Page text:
The past few months have been just as mad as I expected, but I know it's all going to be worth it. I know I was warned it would be difficult, but I'm glad the OU gave me the opportunity to give it a try. I think it helps that the courses are all actually quite different, which means that if I get tired of one course I can just switch to another one. And if all else fails, I can break out my current favourite book: the Human Evolution Colouring Book. (Seriously, don't knock it 'til you've tried these books... they are a brilliant way to learn!)

I've now got just under two months left until the 180 credit point madness ends. To be exact, it will all be over at 1pm on 14th June as I walk out of the AD281 (Understanding Global Heritage) exam. This is probably one of my favourite OU courses, and probably one of the more relevant. It's been really interesting to see archaeology from a different side - seeing how what we excavate and put in museums is used. Finally seeing the end in sight has definitely helped keep me going, and I'm finally starting to feel like a real archaeologist rather than just someone in fancy dress sporting an Indiana Jones hat.

I've had my interview for the Masters course, been made an offer, and accepted. I'm still waiting to hear if I've been offered any funding, but either way I'll be starting in October. Whether I will be going full time or part time will depend upon the funding situation, and job situation! I'm really hoping I can go full time so I can experience the proper student life for a year. I'm not sure if it'll suit me, but I think I want to give it a go in case I go and do a PhD in the future. Don't want to be thrown in head first into this strange student lifestyle after working and being a grown up for all these years!

I'm currently writing up assignments for AD317 and AA300, which I'm trying to be enthusiastic about but they're not exactly the most fascinating topics in the world. Well... not if I want to go into archaeology anyway. Although I did actually enjoy the latest assignment for AD281 - probably because I actually got to go to one of the sites I was writing about! (Valley of the Communities at Yad Vashem, Israel) Perhaps I'll write something about the place later on... we shall see how this blogging thing goes!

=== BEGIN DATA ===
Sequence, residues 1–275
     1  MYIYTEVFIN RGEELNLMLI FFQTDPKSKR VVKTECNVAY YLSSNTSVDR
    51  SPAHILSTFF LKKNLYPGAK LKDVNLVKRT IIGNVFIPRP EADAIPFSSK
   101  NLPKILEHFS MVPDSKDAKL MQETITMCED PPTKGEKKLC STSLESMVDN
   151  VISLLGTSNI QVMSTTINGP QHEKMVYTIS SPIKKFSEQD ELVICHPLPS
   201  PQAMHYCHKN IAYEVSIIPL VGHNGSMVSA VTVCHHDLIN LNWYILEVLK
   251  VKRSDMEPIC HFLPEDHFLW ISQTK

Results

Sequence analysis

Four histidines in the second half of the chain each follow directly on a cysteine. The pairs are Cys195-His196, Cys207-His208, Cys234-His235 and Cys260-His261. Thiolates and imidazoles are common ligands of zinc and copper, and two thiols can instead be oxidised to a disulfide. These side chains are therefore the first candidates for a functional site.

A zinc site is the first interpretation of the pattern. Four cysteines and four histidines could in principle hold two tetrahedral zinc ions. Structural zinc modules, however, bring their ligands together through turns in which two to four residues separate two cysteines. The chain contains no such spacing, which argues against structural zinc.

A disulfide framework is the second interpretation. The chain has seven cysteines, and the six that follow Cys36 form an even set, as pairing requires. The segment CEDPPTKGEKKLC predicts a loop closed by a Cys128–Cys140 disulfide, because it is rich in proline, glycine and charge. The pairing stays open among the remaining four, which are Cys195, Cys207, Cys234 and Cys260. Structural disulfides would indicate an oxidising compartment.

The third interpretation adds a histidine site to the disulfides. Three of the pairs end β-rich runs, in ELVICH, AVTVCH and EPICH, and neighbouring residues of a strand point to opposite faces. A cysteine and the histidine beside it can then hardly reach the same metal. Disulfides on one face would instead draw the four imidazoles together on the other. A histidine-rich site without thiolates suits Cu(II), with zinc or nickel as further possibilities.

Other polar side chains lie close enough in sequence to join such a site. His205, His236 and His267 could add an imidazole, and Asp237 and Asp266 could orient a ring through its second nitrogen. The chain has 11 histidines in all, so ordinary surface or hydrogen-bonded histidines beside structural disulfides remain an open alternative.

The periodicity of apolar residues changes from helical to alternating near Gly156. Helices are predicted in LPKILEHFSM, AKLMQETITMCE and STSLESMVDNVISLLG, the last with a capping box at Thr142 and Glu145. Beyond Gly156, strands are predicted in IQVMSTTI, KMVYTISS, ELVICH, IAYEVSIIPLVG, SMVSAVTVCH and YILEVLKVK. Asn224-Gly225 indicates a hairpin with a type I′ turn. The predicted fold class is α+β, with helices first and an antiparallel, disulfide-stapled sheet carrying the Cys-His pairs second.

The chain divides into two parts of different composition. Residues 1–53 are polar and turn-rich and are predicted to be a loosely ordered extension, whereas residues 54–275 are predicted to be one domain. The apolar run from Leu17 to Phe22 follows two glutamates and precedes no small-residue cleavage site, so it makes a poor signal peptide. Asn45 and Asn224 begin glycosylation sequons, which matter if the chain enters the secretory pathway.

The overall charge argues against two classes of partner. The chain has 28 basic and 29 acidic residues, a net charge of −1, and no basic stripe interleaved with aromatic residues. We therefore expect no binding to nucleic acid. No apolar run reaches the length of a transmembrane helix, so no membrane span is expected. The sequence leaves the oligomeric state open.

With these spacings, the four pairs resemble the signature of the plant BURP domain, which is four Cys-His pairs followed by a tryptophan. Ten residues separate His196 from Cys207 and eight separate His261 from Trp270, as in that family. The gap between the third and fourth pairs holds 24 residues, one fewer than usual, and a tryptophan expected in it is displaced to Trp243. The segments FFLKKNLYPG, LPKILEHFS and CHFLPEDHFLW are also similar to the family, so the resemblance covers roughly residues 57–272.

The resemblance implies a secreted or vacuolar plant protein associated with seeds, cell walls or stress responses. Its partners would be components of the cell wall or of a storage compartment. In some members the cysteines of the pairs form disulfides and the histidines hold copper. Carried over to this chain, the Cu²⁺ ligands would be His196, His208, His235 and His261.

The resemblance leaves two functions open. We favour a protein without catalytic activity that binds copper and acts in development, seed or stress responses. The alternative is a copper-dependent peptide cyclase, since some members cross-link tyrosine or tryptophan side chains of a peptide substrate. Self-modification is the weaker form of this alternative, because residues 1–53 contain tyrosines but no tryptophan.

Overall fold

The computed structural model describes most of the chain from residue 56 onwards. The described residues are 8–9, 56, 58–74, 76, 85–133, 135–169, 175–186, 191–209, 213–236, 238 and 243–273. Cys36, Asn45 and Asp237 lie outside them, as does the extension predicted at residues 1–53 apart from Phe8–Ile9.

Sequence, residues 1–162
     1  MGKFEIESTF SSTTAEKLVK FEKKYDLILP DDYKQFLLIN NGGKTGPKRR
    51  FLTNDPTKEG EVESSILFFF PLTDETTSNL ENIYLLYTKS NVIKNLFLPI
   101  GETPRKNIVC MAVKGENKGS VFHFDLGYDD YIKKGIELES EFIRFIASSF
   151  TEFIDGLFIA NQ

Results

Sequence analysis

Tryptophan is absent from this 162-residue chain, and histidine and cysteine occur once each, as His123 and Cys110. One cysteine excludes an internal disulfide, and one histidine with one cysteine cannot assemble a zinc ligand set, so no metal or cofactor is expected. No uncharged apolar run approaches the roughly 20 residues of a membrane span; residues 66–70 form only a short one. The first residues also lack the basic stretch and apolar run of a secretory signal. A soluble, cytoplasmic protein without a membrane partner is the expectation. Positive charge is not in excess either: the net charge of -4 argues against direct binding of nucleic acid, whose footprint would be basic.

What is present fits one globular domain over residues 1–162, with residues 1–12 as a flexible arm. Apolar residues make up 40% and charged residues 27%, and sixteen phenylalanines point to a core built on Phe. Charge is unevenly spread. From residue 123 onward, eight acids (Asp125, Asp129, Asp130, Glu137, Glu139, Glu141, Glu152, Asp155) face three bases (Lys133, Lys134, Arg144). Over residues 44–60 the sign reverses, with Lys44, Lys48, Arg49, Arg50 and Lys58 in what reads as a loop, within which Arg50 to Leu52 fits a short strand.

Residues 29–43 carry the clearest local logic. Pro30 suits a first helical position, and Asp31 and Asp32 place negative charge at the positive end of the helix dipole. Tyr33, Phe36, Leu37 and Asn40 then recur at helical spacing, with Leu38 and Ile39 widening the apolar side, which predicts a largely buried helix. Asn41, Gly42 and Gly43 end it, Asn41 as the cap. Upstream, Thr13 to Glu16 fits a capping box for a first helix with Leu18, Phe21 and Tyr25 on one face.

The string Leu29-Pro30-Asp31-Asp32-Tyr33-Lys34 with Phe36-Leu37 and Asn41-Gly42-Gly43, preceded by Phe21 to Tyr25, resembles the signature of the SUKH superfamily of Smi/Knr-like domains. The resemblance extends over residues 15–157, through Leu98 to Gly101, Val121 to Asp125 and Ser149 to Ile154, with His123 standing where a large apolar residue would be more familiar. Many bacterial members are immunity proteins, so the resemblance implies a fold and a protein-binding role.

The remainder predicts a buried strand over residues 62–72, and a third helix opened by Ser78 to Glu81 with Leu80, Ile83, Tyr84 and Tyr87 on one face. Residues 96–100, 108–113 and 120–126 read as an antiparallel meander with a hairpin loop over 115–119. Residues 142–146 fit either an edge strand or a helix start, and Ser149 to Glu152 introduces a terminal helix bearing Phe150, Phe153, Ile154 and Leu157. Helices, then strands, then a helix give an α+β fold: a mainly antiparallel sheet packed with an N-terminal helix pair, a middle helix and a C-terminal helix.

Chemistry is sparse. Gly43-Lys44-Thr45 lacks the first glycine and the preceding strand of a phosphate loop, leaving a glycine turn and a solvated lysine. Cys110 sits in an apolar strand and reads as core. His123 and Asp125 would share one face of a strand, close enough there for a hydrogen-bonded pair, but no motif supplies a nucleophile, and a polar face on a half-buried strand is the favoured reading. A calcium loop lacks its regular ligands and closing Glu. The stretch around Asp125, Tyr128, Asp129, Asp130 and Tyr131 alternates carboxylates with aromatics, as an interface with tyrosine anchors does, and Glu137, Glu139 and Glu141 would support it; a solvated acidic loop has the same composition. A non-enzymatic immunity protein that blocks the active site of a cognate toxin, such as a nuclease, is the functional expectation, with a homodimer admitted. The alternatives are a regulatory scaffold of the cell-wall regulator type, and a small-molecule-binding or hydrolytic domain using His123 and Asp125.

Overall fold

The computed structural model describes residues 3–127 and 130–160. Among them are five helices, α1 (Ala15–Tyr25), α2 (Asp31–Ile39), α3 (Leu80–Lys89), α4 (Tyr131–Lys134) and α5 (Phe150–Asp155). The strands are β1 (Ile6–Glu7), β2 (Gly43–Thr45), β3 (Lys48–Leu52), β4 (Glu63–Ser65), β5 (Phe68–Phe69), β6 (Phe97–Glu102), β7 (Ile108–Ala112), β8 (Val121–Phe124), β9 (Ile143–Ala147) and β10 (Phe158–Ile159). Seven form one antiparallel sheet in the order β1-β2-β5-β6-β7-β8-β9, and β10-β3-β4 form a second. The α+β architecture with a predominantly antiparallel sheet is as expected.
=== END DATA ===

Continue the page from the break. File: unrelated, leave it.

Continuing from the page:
I'm also starting to really look at my projects for AA300 and AD317 which I'm really looking forward to. I like these sort of assignments. I'll be properly working on them during June, probably as soon as I get back from the AD281 exam! Well, and after a cup of tea. Never forget the tea.

Monday, 28 February 2011

Uni Plans Update: The Mammoth Plan

Thought it was about time I tried using this damned thing again! And where better to start than an update on this "Mammoth Plan" I keep mentioning all the time.

What is this Mammoth Plan? To take 180 credit points at once in order to finish my undergraduate degree in time to start my Masters course in October 2011, rather than October 2012, and therefore beat the top up fees. Mad? Probably. Impossible? Never. Why Mammoth? I like them. They're fluffy and have funny faces. I get the feeling I had one as a pet in a past life. Anyway...

Well, things didn't entirely work out as I had planned. The OU didn't agree at first, but after a little convincing they finally allowed me to go ahead. I'd missed the deadline for signing up for A330 (Myth in Greek and Roman Worlds), so ended up taking AD317 (Religions Today) instead. Not entirely relevant to what I want to do, but then again it will provide me with yet another challenge. (And no, I don't ever get tired of challenges. Ever.)

So (hopefully!) the end of my undergrad life will end this year like this...